My goal is not to argue whether we should or should not practice yoga, each should engage in research and decide for themselves. But to tie us back to the start of this conversion, if we do believe in the origin of the word yoga, to unite, according to scholars like Dr. Pandit Tigunait, “yoga goes beyond all man-made “ism” and is for everyone.” If yoga is in fact for everyone, why is it that some remain excluded? Many articles in The Atlantic, Forbes, Yoga Journal, and others have discussed at length the domination of white individuals, specifically women in the asana yoga space. In the most recent Yoga Alliance and Yoga Journal survey, over 37 million Americans practice yoga, and more than 80% identify as white. The industry does not only include the practice of yoga, but also the goods; yoga mats, socks, pants, and other products, which have historically been marketed toward a white, female audience and the price point makes most of the goods out of reach for most Americans. So, why yoga does continue to have an inclusivity problem, especially when yoga itself originated in India? The truth is, yoga much like many systems and industries in the United States reflects the greater ills of the culture. Yoga does not uniquely have a race, class, access, and representation problem, America does. And because the practice or selling of yoga has now been commodified primarily by the white elite in the United States, it too now has access and representation problems.
It seems important at this point to state my positionality. As authors like Wink, 2011 and Milner, 2007 discuss, my positionality can influence my biases and my opinions on a subject. And in this case, my positionality is quite relevant. I am both a long-time yoga practitioner and teacher. I am also a Black woman, who has experienced racism and marginalization inside yoga studios and by numerous yoga teachers and students. My identity and experiences as a Black American and as a yoga teacher allow me to more clearly see the alignment to the issues of race in America and how those permeate different industries, like the yoga space.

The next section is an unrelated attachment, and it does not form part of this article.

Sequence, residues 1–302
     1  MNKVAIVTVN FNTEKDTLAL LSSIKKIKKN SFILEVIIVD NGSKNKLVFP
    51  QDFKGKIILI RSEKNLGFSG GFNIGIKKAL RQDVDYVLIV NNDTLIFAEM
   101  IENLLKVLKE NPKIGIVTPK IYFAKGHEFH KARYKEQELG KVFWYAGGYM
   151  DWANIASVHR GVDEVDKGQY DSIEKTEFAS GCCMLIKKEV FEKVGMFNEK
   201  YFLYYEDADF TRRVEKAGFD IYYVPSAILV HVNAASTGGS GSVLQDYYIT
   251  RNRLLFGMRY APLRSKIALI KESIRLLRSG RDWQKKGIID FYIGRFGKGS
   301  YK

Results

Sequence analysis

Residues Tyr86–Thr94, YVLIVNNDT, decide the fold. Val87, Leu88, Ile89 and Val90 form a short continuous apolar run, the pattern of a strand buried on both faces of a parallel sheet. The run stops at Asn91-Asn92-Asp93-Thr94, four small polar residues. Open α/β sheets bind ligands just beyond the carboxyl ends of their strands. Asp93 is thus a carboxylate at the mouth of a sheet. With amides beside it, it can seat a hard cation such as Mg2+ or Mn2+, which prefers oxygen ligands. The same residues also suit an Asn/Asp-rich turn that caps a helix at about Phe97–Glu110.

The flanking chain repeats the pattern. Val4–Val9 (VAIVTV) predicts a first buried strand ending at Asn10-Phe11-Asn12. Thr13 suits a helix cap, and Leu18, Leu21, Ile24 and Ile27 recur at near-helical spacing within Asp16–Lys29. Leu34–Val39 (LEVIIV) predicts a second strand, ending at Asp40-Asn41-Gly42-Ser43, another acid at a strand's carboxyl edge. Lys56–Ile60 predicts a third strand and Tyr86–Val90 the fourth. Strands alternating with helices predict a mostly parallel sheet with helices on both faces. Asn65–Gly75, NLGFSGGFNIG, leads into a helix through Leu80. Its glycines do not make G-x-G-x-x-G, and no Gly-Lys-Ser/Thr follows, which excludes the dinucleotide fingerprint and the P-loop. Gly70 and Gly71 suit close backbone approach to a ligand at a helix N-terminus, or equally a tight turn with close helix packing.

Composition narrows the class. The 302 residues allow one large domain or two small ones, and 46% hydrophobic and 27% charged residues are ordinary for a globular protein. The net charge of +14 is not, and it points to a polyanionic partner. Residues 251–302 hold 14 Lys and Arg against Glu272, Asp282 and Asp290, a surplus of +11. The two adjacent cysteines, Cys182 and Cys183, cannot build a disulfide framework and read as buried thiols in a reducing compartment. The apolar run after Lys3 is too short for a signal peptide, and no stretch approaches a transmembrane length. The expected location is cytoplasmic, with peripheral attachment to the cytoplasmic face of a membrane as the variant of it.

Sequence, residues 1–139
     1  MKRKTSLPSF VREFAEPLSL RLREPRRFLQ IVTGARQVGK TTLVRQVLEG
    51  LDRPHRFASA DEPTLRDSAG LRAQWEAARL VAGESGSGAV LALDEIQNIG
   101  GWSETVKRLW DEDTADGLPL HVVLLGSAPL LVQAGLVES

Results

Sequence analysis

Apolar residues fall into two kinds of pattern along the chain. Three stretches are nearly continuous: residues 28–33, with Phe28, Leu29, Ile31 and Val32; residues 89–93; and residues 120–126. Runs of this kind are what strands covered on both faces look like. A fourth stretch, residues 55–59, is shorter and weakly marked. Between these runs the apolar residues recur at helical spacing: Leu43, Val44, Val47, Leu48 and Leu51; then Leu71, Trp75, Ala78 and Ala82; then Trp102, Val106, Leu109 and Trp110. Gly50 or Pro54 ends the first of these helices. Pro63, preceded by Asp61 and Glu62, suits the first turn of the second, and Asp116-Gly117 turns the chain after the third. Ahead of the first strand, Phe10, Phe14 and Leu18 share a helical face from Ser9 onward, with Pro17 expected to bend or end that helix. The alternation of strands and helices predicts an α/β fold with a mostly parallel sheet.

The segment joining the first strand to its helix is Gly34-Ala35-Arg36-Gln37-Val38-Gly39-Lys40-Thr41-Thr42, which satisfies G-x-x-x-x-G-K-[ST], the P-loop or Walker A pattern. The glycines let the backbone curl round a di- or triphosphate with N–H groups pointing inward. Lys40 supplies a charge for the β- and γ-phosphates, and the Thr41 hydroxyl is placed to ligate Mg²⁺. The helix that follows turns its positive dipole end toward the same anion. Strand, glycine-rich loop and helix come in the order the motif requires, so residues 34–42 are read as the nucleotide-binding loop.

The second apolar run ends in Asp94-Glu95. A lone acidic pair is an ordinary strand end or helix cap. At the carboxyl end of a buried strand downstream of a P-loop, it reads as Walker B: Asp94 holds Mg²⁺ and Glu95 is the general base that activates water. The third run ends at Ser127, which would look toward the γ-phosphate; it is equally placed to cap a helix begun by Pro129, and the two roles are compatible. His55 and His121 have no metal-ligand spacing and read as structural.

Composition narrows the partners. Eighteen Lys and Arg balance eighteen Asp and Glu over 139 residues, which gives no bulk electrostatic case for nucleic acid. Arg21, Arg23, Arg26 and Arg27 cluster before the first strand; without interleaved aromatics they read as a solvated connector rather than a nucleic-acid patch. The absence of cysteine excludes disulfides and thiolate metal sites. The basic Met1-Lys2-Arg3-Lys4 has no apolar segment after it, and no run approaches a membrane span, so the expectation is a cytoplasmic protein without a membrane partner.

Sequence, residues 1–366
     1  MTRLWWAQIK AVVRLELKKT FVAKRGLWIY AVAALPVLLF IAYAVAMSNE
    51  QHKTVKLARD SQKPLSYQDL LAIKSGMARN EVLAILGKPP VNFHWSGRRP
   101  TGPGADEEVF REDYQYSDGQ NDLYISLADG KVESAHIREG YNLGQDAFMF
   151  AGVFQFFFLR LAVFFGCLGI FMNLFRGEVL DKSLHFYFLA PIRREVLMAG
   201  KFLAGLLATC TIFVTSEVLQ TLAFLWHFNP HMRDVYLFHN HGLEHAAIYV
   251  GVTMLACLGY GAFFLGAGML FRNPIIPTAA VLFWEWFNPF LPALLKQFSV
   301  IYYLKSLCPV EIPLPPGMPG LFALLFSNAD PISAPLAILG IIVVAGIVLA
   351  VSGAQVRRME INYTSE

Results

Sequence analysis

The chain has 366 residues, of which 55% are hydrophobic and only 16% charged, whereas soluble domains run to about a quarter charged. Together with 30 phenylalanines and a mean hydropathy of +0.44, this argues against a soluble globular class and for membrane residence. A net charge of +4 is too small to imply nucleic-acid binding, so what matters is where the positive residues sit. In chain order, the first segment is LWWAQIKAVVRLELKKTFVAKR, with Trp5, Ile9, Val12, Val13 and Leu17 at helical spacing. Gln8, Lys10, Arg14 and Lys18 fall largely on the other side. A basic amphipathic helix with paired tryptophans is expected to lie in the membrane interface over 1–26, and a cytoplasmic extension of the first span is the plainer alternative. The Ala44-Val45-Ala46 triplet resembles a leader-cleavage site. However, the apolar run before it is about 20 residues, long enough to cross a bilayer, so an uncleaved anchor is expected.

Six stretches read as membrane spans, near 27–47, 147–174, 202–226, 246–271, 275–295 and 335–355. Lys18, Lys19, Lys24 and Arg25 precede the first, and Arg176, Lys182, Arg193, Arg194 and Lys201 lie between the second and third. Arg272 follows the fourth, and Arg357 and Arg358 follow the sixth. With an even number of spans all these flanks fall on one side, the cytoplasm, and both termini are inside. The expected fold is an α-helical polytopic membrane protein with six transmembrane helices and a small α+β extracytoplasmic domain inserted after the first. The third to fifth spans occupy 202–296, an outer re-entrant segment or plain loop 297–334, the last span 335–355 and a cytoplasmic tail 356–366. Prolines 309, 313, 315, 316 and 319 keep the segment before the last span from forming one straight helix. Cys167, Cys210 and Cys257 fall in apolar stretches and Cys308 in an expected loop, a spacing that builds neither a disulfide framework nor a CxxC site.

Because America has race, access, and representation issues, so do its institutions and industries. From schools to the workforce to the yoga industry. The extent of exclusion in the yoga space does not end with race and economics but also includes body size, disabilities, and other characteristics that marginalize people. Well-known authors like Jessamyn Stanley and Amber Karnes discuss this topic at length. But, imagine just for a moment, that your body sits at the intersection of multiple societal and social exclusions, the impact of that exclusion can be amplified. Dr. Kimberly Crenshaw is credited with the phrase structural intersectionality, originally used to describe the intersections of race and sex in feminism. But, the term has been used to describe identities that do not exist in isolation but intersect and overlap which can manifest in unique experiences, privileges, and oppressions. In the yoga space, one can be both Indigenous and have a bigger body or identify as Black with a physical disability. Crenshaw, 2011 notes that individuals that sit at the intersection of two or more identity categories are often left out of focus. This could not be more apparent in the yoga space. Since the arrival of Hatha yoga in the United States, the industry has focused on a succinct demographic of people, and this demographic has not included people of color or people with varying body types and needs. In fact, it has so intensely focused on this demographic that one would believe that Black and Brown people, people with bigger bodies or diverse needs do not practice or teach yoga, which is fundamentally not true. This biased focus has led to the eraser of the Indian people from yoga, and a lack of representation of diverse demographic in the space.